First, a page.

My first Chinese road trip occurred during my first trip to China back in 2009. Stephen’s family drove us to Chengdu so I could achieve my panda dream. This was also my first experience with Chinese road trip snacks. When we got in the car, Stephen’s cousin passed us a bag of snacks, which consisted entirely of fruit — mini bananas, pears, lychee and mangosteen. Some of my favorite fruit, but not the easiest to eat in the car. Growing up, my dad always took pride in our cars. It was the greatest compliment when my friends would get in and tell him our years-old van still looked and smelled brand new. Fresh lychee is not readily available in the U.S., but if it were, we would never be allowed to take it in the car. I can hear my dad’s voice now — “It’s sticky and you’ll get shells and seeds all over!” But that, in a nutshell, seems to be the requirement for Chinese road trip snacks: sticky, shells and seeds.
This month we were in China briefly for a friend’s wedding. The ceremony and reception were held at a resort in a quiet mountain town about 3 hours outside of Shanghai, so the bride and groom kindly rented a big bus to take all their out-of-town guests there. I was prepared to “hold it” the whole way — it was a previous Chinese road trip that enabled me to set my 7 hours “hold it” record (I do not recommend this). I have taken many Chinese road trips, but since I assumed there’d be nothing but squatters, I have never been inside a Chinese rest stop. Until now.
I was pleased to find one handicap sit-down toilet in a sea of squatters (did I set that 7-hour record for nothing?!). While I was in the loo, Stephen hit up the fruit stall — that’s what they have at Chinese rest stops, fruit stalls. When I emerged, he greeted me with a bag of bananas and lotus pods. Members of our group gathered round as I broke the pod open and popped a seed into my mouth.
“Oh god, this is horrible!” I said through muffled attempts to spit it out. Turns out you’re supposed to remove the bitter green shell before you eat it. If you do that the seeds are actually tasty.
Just then the bride came over and handed me what I thought was a souvenir relic from the Ming dynasty.
“Try it,” she said. “It’s good, it tastes like a potato.”
It was indeed good and potato-like, but I had no idea what it was. I meant to google “Chinese fruit or vegetable that looks like Satan’s mustache” when I got home, but I didn’t need to. An image of one happened to pop up on Reddit the other day. Turns out it’s a water caltrop, a type of water chestnut — those crunchy bits you see in tins or at the stir fry bar. Who knew they had such ominous exteriors.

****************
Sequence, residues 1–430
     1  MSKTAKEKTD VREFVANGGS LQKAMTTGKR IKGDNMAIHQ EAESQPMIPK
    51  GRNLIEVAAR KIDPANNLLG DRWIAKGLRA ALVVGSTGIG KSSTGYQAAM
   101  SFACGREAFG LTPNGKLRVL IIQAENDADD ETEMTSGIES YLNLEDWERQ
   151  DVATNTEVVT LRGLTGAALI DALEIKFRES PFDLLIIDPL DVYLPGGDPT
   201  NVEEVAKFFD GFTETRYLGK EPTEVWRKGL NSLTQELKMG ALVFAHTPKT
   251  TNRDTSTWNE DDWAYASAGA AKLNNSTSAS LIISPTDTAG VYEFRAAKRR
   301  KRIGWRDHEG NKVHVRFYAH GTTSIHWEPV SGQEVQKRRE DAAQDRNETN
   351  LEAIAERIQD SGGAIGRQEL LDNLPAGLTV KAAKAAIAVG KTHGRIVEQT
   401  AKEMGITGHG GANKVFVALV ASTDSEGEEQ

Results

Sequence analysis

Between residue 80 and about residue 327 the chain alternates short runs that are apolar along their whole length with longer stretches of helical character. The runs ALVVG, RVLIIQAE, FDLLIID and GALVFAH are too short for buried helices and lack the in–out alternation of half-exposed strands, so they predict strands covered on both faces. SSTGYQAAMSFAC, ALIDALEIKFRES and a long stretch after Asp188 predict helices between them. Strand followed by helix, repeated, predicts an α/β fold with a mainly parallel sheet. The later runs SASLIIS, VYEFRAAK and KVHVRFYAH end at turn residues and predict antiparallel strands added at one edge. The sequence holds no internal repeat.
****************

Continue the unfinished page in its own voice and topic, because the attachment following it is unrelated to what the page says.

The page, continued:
Stephen returned to our little group with a bag of freshly roasted chestnuts (cue The Christmas Song). I’m not sure I’ve ever had freshly roasted chestnuts, but they were delicious, and in true Chinese road trip food form, difficult to open and sticky. At least the stall gave us an extra bag to put the shells.
Once back on the bus, everyone shared some of their treasures. One guy went down the aisle passing out sweet potatoes — piping hot, gooey, delicious whole sweet potatoes.
“Why did you buy a whole bag of sweet potatoes?” I asked him.
“Because sweet potatoes are awesome!” he replied. Touche.
So if you’re keeping tally, my Chinese rest stop road trip snacks consisted of a banana, lotus seeds, chestnuts, water chestnuts and a sweet potato.
When we couldn’t possibly eat another chestnut, we passed the bag through the bus, while other snacks came to us. I passed on the bag of dried squid, but grabbed a handful of the next thing that came by.
“Ooo, are these prawn crisps?” I asked.
“Did you just say prawn crisps?” the guy across from me asked, faking an English accent. “They’re obviously shrimp chips!”
My accent might say “American,” but apparently I’ve become more British than I thought.
On our way back to Shanghai 2 days later our bus stopped at the same rest stop. It was around 7pm, so instead of just snacks, we needed to eat something more substantial and dinner-like.
“So tell us, what can we eat here that won’t give us diarrhea?” one of the American guys whispered to Stephen. His advice was to get something hot and cooked, preferably not with meat. There were stalls selling rice balls filled with pork and salty egg, all kinds of tofu, ice cream, corn on the cob, and crepe-like sandwiches. We settled on the crepe-like thing filled with egg, spam and ketchup. It was surprisingly delicious despite how I described it, and we didn’t get sick from it either. On the way out we popped into the only store somewhat reminiscent of an American rest stop filled with packaged snacks like chips and candy. A bag of honey-flavored potato chips caught my eye because I remembered reading an article about Korean honey chip hysteria. I was so excited to try them. They were just OK — better if you thought of them as really thin biscuits/cookies instead of potato chips since they were so sweet. I later realized the popular chips are “honey butter” flavored, not just honey, so I probably bought some cheap rip off Korean chip. I guess I’ll have to go to Korea someday to try the real thing.
Though Chinese road trip snacks are some of the most inconvenient things to eat with their sticky shells, seeds and skins, they are also some of the healthiest. While I don’t see sweet potatoes, lotus and chestnuts coming to an American Flying J truck stop soon, it would be nice to have some options besides McDonalds, chips and candy on my next Megabus ride.
For more in my China Impressions series, click here.